Tuesday, April 5, 2016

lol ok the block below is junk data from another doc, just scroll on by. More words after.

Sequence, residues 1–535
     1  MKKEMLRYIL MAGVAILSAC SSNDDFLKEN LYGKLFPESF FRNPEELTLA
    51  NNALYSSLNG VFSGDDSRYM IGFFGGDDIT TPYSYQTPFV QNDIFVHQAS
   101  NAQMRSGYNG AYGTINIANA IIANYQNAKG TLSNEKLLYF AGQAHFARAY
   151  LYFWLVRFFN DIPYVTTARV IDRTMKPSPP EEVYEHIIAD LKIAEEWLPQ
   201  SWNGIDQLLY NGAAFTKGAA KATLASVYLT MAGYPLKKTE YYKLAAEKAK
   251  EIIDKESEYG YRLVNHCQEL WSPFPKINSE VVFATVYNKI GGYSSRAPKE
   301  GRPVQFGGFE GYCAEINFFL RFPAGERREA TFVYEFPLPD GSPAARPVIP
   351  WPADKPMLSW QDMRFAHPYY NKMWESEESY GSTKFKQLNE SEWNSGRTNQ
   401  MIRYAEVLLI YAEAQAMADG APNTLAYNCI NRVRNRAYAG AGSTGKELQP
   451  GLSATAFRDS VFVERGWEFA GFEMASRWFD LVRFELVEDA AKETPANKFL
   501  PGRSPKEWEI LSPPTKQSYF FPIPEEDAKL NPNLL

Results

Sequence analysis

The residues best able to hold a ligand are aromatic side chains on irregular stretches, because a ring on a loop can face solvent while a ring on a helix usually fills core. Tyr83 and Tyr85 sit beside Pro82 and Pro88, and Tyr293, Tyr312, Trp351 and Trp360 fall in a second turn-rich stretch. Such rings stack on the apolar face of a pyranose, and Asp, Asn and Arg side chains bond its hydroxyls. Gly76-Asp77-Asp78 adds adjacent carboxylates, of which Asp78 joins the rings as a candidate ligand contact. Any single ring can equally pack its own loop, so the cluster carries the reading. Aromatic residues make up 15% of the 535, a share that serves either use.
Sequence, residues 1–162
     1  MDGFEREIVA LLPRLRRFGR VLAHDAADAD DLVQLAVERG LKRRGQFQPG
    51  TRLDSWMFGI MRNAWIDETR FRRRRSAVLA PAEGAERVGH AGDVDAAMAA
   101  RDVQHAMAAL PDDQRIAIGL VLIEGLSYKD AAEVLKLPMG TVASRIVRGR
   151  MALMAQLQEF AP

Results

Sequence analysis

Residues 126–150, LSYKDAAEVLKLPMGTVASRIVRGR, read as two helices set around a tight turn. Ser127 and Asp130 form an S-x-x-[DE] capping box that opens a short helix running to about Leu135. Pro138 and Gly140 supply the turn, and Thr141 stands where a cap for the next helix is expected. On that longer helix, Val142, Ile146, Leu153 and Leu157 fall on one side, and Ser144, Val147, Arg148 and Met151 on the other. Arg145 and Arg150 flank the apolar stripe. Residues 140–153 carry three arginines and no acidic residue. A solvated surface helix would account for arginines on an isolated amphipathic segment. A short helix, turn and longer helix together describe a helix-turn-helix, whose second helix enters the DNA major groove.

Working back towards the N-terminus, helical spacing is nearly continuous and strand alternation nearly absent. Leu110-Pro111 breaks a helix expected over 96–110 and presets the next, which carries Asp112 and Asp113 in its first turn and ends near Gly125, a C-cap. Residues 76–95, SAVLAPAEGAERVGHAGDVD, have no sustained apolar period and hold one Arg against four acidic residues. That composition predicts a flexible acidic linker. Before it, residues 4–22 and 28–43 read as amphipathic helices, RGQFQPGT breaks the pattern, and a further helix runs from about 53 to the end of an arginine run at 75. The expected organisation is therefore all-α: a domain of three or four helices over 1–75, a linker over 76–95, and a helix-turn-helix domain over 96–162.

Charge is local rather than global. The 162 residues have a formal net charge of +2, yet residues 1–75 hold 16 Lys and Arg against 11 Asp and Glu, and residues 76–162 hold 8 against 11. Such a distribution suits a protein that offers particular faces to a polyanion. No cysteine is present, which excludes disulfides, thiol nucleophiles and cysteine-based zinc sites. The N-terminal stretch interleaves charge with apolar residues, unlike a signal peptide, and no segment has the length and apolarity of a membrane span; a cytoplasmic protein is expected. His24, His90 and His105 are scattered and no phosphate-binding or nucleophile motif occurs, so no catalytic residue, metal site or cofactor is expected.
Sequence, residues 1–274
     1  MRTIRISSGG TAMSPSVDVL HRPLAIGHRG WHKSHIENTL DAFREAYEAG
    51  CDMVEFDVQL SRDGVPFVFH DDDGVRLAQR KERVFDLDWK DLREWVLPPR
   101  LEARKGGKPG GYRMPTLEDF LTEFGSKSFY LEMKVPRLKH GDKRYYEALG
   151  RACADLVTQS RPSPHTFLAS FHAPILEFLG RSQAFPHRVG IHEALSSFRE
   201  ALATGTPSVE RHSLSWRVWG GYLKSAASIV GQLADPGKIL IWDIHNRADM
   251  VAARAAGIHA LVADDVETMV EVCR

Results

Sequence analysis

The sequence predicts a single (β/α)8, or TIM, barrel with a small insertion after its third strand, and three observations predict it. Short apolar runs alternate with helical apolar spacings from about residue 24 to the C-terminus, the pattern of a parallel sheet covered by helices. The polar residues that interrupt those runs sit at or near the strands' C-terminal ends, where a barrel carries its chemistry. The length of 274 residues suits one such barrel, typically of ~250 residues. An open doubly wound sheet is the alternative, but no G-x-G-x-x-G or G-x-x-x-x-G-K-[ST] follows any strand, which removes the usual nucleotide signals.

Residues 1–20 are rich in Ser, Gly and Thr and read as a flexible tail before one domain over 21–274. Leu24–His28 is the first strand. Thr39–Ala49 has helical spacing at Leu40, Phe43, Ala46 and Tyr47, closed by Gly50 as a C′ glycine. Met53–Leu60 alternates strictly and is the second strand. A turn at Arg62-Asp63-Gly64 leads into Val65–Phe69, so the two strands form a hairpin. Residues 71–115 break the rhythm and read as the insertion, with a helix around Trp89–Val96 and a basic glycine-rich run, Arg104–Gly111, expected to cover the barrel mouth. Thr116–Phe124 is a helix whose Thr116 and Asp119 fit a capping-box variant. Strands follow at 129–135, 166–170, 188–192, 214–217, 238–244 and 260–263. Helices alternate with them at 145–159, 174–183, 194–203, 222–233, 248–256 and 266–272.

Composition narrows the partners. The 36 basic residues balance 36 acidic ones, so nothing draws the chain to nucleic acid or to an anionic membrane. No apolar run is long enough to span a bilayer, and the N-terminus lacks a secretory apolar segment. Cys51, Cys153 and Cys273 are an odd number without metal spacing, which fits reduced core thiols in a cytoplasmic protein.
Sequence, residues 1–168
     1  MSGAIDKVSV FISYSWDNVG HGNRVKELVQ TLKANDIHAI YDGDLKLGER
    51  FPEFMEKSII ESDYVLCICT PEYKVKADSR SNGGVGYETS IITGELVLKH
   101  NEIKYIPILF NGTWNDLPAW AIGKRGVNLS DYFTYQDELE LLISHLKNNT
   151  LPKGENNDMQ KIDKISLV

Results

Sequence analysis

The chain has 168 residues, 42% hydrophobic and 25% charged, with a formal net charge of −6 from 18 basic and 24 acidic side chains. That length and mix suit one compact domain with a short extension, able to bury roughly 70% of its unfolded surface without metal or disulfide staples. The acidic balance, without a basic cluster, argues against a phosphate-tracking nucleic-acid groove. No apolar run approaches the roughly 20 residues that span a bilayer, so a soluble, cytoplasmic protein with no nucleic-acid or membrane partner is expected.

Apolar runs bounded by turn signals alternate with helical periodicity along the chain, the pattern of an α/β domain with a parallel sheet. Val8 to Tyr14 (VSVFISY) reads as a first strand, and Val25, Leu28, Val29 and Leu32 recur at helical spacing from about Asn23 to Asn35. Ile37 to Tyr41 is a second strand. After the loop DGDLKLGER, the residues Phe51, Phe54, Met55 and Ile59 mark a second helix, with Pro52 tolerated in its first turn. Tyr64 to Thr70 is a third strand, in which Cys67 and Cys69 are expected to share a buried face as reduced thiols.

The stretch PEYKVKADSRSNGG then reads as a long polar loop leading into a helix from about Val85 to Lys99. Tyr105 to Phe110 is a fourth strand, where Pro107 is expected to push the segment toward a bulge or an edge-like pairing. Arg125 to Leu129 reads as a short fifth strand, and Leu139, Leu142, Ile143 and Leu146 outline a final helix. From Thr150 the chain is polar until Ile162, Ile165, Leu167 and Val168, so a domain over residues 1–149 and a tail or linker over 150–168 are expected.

MARILYN MONROE IN BENDIGO 2016 Playing Statues Victoria (1819 – 1901) Mary (1842 – 1909) Marilyn (1926 – 1962) That would be Queen Victoria, Saint Mary McKillop, and Marilyn Monroe. In 1903, a statue was erected in memory of Queen Victoria in the Australian city of Bendigo. This statue stands close to the main highway that runs through the city. In a line with this statue, and two minutes away by car, on the hillside in front of the eastern wall of the gothic cathedral of the Sacred Heart, stands a statue erected in memory of Australia’s first canonised saint, Mary McKillop. Mary was unveiled in 2014. These two statues are there for the long haul – they are part of the face and personality of the city. Between them, and in line with them, closer to Victoria than to Mary, stands a temporary statue representing Marilyn Monroe. She was erected in 2016. Majesty, Sanctity, Glamour. It’s February 3rd 2016. I’m driving into Bendigo to have lunch with a friend. I have driven past Mary. I come to the traffic lights. Now these traffic lights are there for the management of roads that converge on a nineteenth century fountain, dedicated to Alexandra, daughter-in-law of Victoria. The roads are edged with a strangely motley collection of architectural styles – a nineteenth century ex-pub with graceful verandah and iron lace, an art deco facade, an art nouveau facade, a kind of blank wall that promises Aussie Cash, a brutal battleship-grey block resembling a penitentiary or a child’s construction of a fort cut from thick cardboard, and a triangle of delightful public garden, enclosed by tall graceful nineteenth century iron railings. Behind the railings on this day there are green lawns, a bed of orange canna lilies, a bed of pink, red, white and orange impatiens – bizzie lizzies. The traffic clogs its way around all this, and in the centre is the anachronistic fountain, surrounded by flower beds and iron railings and elegant lamps. There are figures of allegorical women, of lions, dolphins, mer-horses – and water sprays out of the mouths of some of these figures, ending up in a shallow pool at the bottom. In the mid-afternoon the arcs of water can catch the glinting light of the sun. On this particular day, while I’m stopped at the lights, beside the fountain, I take a quick photo, from a bit of a distance, of the activity in the triangle of garden which is the entrance to Rosalind Park, the charming formal green centre of the city. Just where the Christmas tree lately stood, there is now a tall pale statue of a woman (it is immediately obvious that it is a representation of Marilyn). It is thirty-six feet (7.9 metres) tall, eight feet taller than the fountain. The area is roped off with tape like a crime scene. Men are climbing ladders that reach up between her legs and disappear under the great stiff white sail of her billowing dress. She was manufactured in New Jersey in 2011, was on display in Chicago, and has now travelled to replace the Bendigo Christmas tree. I wish I had been there to see her being swung into position. Marilyn is made from painted stainless steel and aluminium, and she is an attempt to render in solid form the scene in The Seven-Year Itch (1955) where Marilyn stood over a subway vent which blew warm air up her pleated white skirt. In the movie, the scene was brief, amusing, tantalizing, and Marilyn was seen only from the front. She was laughing into the camera, and she was soft, her dress was soft and fluttering, and she was more or less life-size. She was sexy, vulnerable, endearing. The statue is a huge clumsy frozen giant-woman with a particularly ugly face that appears to be in pain. The skirt doesn’t move – well, it is a statue after all – and extends out and up like a verandah, revealing painted-on underpants with a modest lace edging. The bum is rounded, and the area between the legs disappears into a little fold of mystery. People constantly walk around beneath the statue of Marilyn, taking photos of themselves with various bits of her. A few steps away stands Victoria. She is white marble, life-size, although taller than she was in real life, since she was but five feet, if that. She is elevated on a granite plinth with a bronze lion reclining at on the ground below her. She is recognizable as the pudgy, sulky, stern-faced monarch. In right hand she grasps the sceptre, but her left hand is open to release a dove. She is wearing long fancy regalia, medals and a tiny crown. She has her back to Marilyn, as would seem to be only right. And her legs are completely concealed by her marble clothing. In fact, she is in reality a block of solid marble onto the outside of which she has been fashioned. No bum. No knickers here. Anyway, who’s looking? Back at the cathedral, Mary McKillop’s bronze face is strong, handsome and realistic. Imposing, somewhat larger than life I think. She is cloaked, almost shrouded in a flowing bronze cape and hood, reminding me of a Hollywood version of a medieval monk. She is backed by a slab of translucent green glassy panels – perhaps the material is Perspex. The front of the cloak, which flows lyrically down over the edge of the grey stone plinth, is open to reveal the body beneath. This body is remarkable. It is made from the same green glassy substance as the panels behind the figure, and it is hollow. So it is possible to see right inside the saint. Her green glass body resembles an old-fashioned Coca Cola bottle, and it contains a wooden crucifix that extends from the chin to the floor. Twisted around the crucifix is a tormented set of rosary beads that appear to be linked by sections of rusty fencing wire. The viewer sees right inside this one. No solid marble, no fancy pants. Just a hollow green Coke bottle holding crucifix and rosary. Marilyn, the monster-woman between the queen and the saint, is in fact an advertisement for an exhibition at the Bendigo Art Gallery which is a few minutes’ walk up the hill from where she stands. You can see her dresses and all the rest, including her autopsy report, in glass cases. Victoria was a kind of advertisement for the British Empire, but by the time she made it to Bendigo, she was dead but the Empire was still going strong. Mary McKillop also is a kind of advertisement, poster-girl for the Catholic Church in Australia, canonised in 2008. So there they are, a little variety of statues, strung out along the highway, two of them less interesting, less popular than the third, which will one day be replaced by a Christmas tree, having made heaps of cash for the Gallery and for Bendigo in general. I hope I am driving past when the men go up the ladders again to do whatever it is they have to do up there, when Marilyn has served her purpose. UNDERNEATH MARILYN INSIDE MARY VICTORIA TURNS AWAY